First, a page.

The leadership is sticking with Eleanor's opponent and says that the 52 million schoolchildren of this country, including every one of them here in Louisville, including everyone standing on this stage with me today, if they need this help, that's too bad. You do it our way, or no dice—after we made an agreement with them.
So you have to know that's the way it works there. So when you vote for Eleanor Jordan, if just six more congressional districts do what you did, then we won't have to worry about Mr. DeLay anymore running the United States Congress. And look, I want to say again, this is not about bipartisanship. I won't be there, but the Democrats will work with the Republicans. We're not right about everything; they're not wrong about everything. A lot of Americans vote with them, too. We've got to work together. But you've got to understand that the leadership in Congress is way to the right of the Republicans in the country that would ever work with the Democrats and the Independents to get things done.
And if they get a call from one of those big lobbyists that says, "I'm sorry. You can't do this," they say, "I'm sorry. We can't do this." And they said, "We've got to have it just like Eleanor's opponent wanted it, or no dice for the school kids of America." Now, that's what they said.
So you remember that. And you go out— I wouldn't keep that a secret from the voters in this congressional district for the next week if I were you. I believe you ought to go out there and tell them. If you want to protect the worker safety and health, and if you want to promote the education of our children, you better send Eleanor Jordan to Congress and make sure we have different leaders in the United States Congress in the next 2 years.
Look, when Vice President Gore says in these speeches, "You ain't seen nothing yet," I expect maybe some Americans hear that and they think, "Well, that sounds political, you know; he wants to be President." But I'm not running for anything, and I believe that. I believe that. I believe if you vote to keep the prosperity going and expand it to people who aren't part of it, instead of voting to reverse economic course and go back to the bad old days of deficits, I believe if you vote to build on this evidence of progress in every area of our society, instead of reverse the policies that have helped us achieve it, you will be free to think about the big things. I think we can save Social Security and Medicare for the baby boom generation, and add that prescription drug benefit, and not bankrupt the baby boomers' children and grandchildren.
I believe we can give the largest and most diverse group of school kids in American history ever the finest education. There need be no more failing schools. We now know something we didn't know 20 years ago, when I started working on this. We know how to turn these schools around. I believe that we can provide health insurance to working families in this country and to people who retire at 55 and can't get Medicare yet. And I believe we can have this Medicare drug program. I believe we can get this country out of debt for the first time since 1835 and keep this thing going. We can do this.
We can solve these long-term energy and environmental problems. We can do more to balance work and family. We can have a tax cut that helps people with child care and retirement and paying for their kids' college education. We can continue to build one America. We can do these big, big things. But we have to make the right decisions on the basic questions: Are we going to build on the prosperity or reverse course? Are we going to build on the progress or take down the policies that achieved it? Are we going to continue to grow as one America, or are we going to have the policies of division, no matter how soothing the rhetoric is? These are the big challenges before America.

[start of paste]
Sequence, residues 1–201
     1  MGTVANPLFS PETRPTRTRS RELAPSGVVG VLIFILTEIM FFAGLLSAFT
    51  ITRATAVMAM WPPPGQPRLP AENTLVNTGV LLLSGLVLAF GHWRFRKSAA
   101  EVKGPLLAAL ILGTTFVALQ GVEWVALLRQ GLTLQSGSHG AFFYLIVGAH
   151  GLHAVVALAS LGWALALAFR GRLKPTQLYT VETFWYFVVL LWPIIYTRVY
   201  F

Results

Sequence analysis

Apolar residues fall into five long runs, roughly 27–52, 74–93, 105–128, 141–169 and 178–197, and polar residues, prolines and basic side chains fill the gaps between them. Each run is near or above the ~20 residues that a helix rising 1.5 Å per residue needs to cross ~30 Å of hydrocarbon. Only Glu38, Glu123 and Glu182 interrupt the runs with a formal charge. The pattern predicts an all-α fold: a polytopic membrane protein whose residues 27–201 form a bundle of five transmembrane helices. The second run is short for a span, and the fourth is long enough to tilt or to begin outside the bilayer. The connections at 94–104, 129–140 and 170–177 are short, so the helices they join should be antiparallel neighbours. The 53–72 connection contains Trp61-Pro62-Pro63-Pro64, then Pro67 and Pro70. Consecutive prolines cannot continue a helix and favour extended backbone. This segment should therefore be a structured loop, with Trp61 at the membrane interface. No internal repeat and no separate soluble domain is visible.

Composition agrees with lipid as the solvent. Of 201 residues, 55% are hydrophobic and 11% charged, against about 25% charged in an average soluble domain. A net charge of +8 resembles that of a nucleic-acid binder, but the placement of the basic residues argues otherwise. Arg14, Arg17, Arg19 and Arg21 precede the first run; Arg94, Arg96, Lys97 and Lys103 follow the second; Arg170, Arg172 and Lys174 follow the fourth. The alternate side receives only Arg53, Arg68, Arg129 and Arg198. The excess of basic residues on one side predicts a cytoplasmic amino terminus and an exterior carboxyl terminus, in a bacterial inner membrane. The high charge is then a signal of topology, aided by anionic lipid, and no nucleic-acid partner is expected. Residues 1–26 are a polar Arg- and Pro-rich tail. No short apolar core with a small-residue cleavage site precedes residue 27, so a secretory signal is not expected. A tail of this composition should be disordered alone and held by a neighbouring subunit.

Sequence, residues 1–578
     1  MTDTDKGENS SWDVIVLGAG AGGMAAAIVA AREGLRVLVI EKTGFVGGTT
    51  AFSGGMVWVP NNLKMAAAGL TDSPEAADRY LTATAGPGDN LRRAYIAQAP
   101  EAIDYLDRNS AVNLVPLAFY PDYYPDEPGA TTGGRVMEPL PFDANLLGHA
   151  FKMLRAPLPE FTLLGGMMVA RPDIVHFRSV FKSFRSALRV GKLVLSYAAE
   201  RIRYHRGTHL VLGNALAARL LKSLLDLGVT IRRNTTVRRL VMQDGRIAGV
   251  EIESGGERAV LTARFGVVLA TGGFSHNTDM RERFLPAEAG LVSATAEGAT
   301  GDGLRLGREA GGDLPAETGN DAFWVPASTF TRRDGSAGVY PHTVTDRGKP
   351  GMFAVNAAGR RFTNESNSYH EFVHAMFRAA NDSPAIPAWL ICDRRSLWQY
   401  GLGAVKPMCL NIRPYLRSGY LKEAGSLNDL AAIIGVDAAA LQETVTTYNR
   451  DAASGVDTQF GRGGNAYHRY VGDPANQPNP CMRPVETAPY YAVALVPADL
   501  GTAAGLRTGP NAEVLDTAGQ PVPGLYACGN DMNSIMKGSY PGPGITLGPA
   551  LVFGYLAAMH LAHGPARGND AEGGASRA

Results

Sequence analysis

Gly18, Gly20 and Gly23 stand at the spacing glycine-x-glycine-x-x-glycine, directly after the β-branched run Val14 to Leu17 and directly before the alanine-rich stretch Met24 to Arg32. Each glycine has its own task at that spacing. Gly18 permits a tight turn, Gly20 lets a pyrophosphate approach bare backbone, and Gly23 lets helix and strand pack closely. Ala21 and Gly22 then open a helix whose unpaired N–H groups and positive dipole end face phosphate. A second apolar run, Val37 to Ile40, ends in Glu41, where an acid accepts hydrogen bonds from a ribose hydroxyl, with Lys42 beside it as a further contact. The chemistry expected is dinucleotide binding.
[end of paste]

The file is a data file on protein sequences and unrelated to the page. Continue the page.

You look at Eleanor Jordan. I want to tell you something: She'd be the second former welfare recipient in the United States Congress. America—we say we're a country that believes in giving everybody a chance. She got one, and she took it. She's got her family members here, including her sister who worked in our administration. This is a family that proves that America's promise can be alive and real. And her great burden, for which they called her those bad political names, is that she simply believes everybody ought to have the same chance that God gave her in life, that America gave her.
Folks, I will say again, I know I could stand up here and give you all those whoop-di-doo lines, but you need to think about this. This is a close race. And it's a close race nationally. And every one of you has friends that may or may not vote. Every one of you has lots of friends who have never been to an event like this. Am I right? Never been to hear a President talk or a Governor talk, or somebody running for Congress. But they love their country; they consider themselves patriots. If they have a good reason, they'll go vote, or they're going to vote, but they may not know what the differences are yet.
So you've got 7 days, 7 good days that every day you can find somebody to say, "You know why you ought to vote for Eleanor Jordan and Al Gore and Joe Lieberman? Because we want to keep the prosperity going. We don't want to reverse it, because we want to build on the progress of the last 8 years; we don't want to abandon it. Because we want to go forward together. Because all the best stuff is still out there." But you've got to make the big decisions right. You go tell them those three things; she'll be celebrating next week.
Thank you, and God bless you.
NOTE: The President spoke at 3:45 p.m. in the gymnasium at the duPont Manual High School. In his remarks, he referred to State Representative Eleanor Jordan, who introduced the President; and former Senator Wendell H. Ford. Ms. Jordan was a candidate for Kentucky's Third Congressional District.
William J. Clinton, Remarks at a Rally in Louisville, Kentucky Online by Gerhard Peters and John T. Woolley, The American Presidency Project https://www.presidency.ucsb.edu/node/227874